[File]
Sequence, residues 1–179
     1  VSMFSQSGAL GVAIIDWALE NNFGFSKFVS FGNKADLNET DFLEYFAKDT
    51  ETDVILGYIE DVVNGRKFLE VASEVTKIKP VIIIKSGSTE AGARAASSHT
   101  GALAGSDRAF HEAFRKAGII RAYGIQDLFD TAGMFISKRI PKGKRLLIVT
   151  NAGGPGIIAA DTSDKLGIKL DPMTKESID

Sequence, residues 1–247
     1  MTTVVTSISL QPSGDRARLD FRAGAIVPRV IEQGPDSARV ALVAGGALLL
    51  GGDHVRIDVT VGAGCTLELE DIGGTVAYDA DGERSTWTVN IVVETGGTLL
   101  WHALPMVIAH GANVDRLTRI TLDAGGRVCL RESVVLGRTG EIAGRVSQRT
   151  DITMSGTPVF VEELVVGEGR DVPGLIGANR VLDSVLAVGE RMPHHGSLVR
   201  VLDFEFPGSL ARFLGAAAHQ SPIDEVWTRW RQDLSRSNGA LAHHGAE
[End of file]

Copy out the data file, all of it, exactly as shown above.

Sequence, residues 1–179
     1  VSMFSQSGAL GVAIIDWALE NNFGFSKFVS FGNKADLNET DFLEYFAKDT
    51  ETDVILGYIE DVVNGRKFLE VASEVTKIKP VIIIKSGSTE AGARAASSHT
   101  GALAGSDRAF HEAFRKAGII RAYGIQDLFD TAGMFISKRI PKGKRLLIVT
   151  NAGGPGIIAA DTSDKLGIKL DPMTKESID

Sequence, residues 1–247
     1  MTTVVTSISL QPSGDRARLD FRAGAIVPRV IEQGPDSARV ALVAGGALLL
    51  GGDHVRIDVT VGAGCTLELE DIGGTVAYDA DGERSTWTVN IVVETGGTLL
   101  WHALPMVIAH GANVDRLTRI TLDAGGRVCL RESVVLGRTG EIAGRVSQRT
   151  DITMSGTPVF VEELVVGEGR DVPGLIGANR VLDSVLAVGE RMPHHGSLVR
   201  VLDFEFPGSL ARFLGAAAHQ SPIDEVWTRW RQDLSRSNGA LAHHGAE